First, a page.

Evaluation of Member State Provisions Addressing Land Policy and Restitution by the European Commission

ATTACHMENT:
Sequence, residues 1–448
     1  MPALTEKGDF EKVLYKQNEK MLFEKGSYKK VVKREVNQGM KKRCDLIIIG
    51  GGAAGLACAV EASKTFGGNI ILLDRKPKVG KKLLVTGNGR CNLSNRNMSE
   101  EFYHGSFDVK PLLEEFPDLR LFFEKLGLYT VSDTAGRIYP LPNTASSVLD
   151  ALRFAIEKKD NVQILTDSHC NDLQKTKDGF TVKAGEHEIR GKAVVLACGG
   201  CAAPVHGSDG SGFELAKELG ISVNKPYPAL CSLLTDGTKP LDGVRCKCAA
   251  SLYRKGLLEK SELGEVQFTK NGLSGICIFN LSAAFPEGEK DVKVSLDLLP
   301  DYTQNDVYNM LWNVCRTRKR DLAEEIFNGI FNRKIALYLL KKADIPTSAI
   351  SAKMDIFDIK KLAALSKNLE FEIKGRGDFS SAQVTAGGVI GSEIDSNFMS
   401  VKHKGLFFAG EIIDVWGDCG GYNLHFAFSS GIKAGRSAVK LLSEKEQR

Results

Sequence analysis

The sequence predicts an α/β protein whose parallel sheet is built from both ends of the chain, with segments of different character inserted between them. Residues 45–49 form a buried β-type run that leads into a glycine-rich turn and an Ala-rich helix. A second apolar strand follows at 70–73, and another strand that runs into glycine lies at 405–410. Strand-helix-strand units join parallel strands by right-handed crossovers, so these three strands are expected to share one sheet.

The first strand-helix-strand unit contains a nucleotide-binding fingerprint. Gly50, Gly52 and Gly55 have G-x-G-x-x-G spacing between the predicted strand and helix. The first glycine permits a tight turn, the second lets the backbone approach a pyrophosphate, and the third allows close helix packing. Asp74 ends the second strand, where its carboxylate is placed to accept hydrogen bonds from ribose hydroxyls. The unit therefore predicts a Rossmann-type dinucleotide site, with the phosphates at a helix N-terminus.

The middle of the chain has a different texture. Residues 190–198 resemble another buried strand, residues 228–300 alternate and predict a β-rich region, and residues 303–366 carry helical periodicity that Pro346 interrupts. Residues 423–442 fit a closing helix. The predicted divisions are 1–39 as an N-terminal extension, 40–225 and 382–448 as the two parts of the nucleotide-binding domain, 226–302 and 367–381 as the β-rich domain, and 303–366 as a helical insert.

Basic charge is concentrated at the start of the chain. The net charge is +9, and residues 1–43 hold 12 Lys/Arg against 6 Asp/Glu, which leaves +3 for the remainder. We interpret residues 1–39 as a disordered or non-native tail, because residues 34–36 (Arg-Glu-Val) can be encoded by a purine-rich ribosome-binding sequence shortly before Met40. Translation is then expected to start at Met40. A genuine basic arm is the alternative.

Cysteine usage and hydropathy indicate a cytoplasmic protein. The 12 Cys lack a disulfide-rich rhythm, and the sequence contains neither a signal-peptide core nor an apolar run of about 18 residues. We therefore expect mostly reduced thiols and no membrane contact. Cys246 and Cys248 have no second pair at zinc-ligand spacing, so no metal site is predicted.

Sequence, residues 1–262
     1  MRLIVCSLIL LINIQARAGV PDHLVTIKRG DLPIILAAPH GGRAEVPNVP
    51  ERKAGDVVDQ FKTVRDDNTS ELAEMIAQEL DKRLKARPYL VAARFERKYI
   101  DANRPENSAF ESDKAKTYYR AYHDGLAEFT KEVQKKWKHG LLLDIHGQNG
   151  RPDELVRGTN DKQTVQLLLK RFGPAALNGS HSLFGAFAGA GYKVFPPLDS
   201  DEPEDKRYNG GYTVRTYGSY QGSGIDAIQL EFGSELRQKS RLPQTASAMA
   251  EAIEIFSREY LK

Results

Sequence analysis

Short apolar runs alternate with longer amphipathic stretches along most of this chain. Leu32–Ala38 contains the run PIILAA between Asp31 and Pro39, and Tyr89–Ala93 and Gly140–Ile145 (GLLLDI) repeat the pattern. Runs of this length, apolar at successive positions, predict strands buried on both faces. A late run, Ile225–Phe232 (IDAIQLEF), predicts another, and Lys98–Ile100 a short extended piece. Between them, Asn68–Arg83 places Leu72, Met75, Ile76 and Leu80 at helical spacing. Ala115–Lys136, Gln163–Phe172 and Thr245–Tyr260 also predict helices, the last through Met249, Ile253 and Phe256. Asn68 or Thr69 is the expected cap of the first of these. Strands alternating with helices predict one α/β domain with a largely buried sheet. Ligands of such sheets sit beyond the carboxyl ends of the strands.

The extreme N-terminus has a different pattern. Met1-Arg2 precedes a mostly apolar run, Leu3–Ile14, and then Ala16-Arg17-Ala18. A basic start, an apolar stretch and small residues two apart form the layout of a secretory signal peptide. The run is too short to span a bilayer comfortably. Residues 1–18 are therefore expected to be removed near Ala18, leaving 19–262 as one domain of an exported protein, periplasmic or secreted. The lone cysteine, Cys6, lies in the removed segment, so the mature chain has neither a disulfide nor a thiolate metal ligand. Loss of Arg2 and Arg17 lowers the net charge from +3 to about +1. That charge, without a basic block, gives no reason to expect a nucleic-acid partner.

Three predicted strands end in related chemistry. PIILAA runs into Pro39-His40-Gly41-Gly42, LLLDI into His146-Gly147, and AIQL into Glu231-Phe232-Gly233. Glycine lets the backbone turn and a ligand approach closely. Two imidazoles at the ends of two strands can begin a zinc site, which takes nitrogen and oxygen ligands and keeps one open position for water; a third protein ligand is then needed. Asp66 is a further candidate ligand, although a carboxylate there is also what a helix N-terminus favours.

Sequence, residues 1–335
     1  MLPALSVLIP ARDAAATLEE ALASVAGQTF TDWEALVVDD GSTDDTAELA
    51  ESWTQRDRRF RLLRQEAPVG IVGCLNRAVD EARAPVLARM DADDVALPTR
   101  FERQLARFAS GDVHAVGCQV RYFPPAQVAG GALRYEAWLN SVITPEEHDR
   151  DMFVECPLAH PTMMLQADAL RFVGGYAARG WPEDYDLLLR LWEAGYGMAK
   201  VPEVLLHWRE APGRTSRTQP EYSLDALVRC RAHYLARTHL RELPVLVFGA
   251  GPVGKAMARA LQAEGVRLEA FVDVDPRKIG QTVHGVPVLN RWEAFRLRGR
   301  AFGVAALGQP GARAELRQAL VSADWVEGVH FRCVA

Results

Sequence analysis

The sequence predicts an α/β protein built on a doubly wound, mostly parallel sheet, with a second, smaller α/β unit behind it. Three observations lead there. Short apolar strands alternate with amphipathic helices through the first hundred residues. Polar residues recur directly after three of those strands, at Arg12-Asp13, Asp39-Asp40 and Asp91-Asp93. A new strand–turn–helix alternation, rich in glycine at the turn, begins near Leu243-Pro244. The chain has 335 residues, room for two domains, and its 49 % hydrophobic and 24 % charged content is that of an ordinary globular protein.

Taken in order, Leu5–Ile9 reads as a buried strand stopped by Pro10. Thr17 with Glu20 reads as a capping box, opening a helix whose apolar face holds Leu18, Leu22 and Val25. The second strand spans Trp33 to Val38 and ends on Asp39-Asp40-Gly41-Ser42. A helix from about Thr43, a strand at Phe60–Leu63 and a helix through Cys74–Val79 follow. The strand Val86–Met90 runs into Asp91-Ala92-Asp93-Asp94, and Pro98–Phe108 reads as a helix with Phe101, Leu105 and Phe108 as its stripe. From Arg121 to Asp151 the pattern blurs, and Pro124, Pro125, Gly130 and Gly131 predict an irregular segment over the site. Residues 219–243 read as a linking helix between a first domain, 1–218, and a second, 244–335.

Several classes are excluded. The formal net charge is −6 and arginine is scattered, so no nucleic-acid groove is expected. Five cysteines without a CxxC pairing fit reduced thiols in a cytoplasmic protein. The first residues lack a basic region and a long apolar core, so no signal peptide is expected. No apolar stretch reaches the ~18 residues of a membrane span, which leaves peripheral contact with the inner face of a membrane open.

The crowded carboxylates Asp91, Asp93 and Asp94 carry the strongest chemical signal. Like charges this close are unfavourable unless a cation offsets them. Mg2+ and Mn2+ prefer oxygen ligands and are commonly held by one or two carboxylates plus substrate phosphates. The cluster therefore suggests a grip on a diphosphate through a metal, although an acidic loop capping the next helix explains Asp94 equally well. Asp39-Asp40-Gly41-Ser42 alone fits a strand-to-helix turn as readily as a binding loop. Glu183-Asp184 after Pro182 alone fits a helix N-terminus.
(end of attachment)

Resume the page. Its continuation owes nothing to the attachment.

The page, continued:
The scope of action of EU Member States’ land policies lies at the intersection of positive and negative integration. Therefore, if a Member State restricts the ownership and use of agricultural land, it implies both the legitimate restriction of fundamental freedoms and that it achieves the targets listed under the Common Agricultural Policy (CAP) on improving the quality of living for farmers in keeping with the case law of the Court of Justice of the European Union (CJEU). Despite this, it is worrisome that the EU’s control over negative integration does not allow Member States to create sustainable regulations. In contrast, the EU law leaves it entirely to the Member States to introduce restitution measures vis-à-vis the properties that were confiscated before their accession. The EU’s control prohibits direct discrimination against the citizens of other Member States. Under certain circumstances, according to the European Commission, the general principles of EU law and the provisions of the Charter can help individuals enforce restitution provisions. Bearing this in mind, we analysed the practice of the European Commission, its statements, and procedures against Member States, given that these are based on professional and/or political considerations. We examine the practice of the Commission and the CJEU vis-à-vis a Hungarian legislation on the so-called ‘zsebszerződések’. We also propose recommendations.